One day while I was doing laundry, my washer stopped in the middle of a cycle and the screen displayed the error code E20. Since the owner’s manual did not have any information on error codes, I went online to find an answer. Sure enough there it was -- error code E20 indicated that the “coin trap” was blocked.
I thought, “Wow, what a clever component -- a trap to block coins and other debris from ruining the evacuation pump.” So I looked for an access door only to find that it was on the rear of the machine. I moved the units away from the wall -- I have the washer and dryer stacked -- and proceeded to remove the back cover. There it was, the coin trap... behind three hoses.
The three hoses are connected to a boot at three different locations with three different kinds of clamps. This assembly is at arm's length, and there is only room for one arm to get in to work on it. After two hours, I managed to get two of the three hoses unhooked. I then looked for a solution to remove the last hose. I saw there was a cutout on the bottom of the washer, so I lifted the dryer off, tilted the washer back against the wall, and tried from the bottom.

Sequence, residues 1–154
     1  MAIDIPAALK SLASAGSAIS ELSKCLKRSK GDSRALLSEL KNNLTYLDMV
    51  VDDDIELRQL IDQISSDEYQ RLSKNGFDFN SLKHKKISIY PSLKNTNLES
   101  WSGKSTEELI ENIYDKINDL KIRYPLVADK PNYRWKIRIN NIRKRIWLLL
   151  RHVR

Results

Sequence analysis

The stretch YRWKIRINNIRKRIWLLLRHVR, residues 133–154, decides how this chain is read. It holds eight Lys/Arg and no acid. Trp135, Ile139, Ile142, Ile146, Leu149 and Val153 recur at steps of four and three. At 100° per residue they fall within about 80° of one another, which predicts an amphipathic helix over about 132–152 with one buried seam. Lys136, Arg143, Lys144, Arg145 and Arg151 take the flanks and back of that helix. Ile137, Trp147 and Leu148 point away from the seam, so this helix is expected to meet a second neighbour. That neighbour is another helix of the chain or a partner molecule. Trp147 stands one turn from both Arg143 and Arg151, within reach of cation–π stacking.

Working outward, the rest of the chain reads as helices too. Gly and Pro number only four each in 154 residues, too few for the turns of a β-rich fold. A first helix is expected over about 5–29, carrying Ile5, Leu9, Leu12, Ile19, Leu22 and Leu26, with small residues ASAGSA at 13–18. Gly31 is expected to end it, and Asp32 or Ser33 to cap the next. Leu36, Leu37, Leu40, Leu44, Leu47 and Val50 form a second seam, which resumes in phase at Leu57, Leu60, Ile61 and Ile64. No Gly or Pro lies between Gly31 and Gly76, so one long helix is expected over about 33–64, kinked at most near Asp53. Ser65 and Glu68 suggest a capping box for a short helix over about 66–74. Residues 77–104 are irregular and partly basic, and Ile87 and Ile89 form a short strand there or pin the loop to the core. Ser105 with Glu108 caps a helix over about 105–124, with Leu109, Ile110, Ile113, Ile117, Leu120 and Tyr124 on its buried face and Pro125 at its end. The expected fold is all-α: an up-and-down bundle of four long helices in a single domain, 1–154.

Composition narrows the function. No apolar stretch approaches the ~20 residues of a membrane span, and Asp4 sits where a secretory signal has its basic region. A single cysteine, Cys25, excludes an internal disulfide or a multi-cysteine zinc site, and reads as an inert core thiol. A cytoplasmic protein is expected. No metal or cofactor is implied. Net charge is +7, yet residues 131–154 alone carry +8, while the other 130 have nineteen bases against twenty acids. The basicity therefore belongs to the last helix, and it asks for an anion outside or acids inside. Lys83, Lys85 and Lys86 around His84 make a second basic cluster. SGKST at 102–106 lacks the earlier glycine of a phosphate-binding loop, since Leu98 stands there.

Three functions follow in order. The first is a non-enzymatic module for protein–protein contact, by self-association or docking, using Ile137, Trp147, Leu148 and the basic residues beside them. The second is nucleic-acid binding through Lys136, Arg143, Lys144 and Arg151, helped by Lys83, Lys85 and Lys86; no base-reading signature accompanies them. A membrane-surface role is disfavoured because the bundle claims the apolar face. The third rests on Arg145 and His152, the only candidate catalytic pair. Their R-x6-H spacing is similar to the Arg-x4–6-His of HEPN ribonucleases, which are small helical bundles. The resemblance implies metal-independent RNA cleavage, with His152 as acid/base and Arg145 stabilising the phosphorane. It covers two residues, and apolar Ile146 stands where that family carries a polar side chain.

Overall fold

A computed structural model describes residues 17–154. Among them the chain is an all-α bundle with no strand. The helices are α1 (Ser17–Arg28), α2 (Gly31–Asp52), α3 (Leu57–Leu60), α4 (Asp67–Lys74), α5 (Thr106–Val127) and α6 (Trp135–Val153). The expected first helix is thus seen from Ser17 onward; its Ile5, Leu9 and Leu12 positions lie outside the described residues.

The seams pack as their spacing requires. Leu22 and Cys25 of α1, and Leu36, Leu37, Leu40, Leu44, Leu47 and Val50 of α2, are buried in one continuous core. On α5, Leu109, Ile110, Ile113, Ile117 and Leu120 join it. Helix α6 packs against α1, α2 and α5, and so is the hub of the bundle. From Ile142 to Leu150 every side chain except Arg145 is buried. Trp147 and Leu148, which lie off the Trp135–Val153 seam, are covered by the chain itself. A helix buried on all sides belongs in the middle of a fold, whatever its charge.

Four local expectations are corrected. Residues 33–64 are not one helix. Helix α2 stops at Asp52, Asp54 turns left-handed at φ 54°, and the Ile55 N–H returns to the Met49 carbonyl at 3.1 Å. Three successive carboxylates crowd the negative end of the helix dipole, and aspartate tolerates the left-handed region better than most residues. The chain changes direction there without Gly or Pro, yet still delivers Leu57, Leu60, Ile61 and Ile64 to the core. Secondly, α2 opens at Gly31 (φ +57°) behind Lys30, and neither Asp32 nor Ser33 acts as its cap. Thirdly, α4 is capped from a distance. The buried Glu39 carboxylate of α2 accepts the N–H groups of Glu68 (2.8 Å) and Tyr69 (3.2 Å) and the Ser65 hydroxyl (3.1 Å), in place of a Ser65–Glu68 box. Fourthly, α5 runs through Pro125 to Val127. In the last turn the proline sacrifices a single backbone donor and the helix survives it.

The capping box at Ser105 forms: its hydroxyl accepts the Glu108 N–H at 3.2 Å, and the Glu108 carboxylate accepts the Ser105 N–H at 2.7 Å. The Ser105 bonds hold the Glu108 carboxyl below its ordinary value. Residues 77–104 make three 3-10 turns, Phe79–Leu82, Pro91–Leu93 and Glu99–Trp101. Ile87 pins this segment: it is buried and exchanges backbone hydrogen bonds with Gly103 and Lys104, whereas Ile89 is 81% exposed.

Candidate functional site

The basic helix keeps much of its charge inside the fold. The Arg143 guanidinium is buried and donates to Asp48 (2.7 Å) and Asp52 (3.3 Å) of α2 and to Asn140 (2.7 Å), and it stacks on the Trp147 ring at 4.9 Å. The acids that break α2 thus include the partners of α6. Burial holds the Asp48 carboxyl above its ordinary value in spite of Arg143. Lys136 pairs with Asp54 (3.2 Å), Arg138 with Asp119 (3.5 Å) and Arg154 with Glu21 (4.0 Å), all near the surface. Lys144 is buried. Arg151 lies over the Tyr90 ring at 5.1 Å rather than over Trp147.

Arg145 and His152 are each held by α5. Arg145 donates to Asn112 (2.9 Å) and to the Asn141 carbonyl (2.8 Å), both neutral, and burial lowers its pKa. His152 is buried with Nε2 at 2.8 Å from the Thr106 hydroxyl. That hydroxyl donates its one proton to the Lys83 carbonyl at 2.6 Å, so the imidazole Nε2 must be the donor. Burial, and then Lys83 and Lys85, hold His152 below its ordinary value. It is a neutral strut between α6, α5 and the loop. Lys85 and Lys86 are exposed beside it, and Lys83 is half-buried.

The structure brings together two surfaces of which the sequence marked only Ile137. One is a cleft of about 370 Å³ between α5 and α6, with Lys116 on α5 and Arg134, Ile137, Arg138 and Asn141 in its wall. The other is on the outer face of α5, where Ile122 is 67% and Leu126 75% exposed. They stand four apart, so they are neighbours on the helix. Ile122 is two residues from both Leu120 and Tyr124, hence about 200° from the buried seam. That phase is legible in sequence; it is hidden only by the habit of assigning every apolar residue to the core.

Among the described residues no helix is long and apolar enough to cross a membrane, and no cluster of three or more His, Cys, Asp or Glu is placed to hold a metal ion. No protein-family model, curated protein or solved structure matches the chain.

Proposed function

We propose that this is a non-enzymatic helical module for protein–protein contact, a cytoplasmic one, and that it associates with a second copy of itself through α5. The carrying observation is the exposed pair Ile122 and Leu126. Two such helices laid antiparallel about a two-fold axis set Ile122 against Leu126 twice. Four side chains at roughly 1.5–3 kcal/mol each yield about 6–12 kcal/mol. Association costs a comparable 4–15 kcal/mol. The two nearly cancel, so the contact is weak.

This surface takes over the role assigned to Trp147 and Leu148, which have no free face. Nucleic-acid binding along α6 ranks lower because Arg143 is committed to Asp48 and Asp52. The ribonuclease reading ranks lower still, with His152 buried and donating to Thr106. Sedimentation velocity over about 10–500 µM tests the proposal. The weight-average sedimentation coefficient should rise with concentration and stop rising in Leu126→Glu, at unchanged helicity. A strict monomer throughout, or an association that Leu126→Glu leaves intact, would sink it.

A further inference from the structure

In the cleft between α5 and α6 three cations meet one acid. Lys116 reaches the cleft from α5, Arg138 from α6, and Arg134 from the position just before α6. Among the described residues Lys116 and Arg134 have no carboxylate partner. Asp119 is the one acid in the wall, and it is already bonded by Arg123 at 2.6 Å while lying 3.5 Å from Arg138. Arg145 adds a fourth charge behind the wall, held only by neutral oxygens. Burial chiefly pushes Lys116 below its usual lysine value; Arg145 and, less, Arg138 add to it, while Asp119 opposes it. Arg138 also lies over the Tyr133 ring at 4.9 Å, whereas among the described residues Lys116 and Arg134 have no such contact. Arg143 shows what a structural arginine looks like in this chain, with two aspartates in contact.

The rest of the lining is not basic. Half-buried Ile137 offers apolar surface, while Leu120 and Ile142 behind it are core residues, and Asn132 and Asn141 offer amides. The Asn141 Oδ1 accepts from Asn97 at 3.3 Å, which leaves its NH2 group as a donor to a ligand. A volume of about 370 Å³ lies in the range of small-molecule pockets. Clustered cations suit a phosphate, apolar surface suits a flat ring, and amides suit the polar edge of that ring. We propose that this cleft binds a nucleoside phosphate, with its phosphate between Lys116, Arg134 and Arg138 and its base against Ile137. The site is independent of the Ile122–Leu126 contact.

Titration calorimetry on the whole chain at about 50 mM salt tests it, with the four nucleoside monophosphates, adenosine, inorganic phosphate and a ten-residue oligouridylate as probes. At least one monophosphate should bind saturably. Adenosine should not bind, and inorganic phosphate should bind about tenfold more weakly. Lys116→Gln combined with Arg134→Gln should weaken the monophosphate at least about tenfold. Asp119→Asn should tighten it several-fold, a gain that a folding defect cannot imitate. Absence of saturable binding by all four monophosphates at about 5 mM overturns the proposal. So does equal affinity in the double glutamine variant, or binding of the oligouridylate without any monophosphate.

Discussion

After another hour I got the coin catcher assembly removed and cleaned out. Now I had to try to reassemble the boot assembly with one hand, blindly. When your hand is in the access area, you can't see in to line up the hoses and install the clamps. After five more hours of trying to remove the front panel and other options, I was ready to drag the machine down my driveway with a chain and put it out on the curb.
Then I thought, “I have nothing to lose. Why not make an access hole in the side?” So I got out my saber saw and cut a 12x12-inch panel in the side. In 10 minutes I had the boot and pump assembly together and the machine running again.
This entry was submitted by Gary D. Rodichok and edited by Rob Spiegel.
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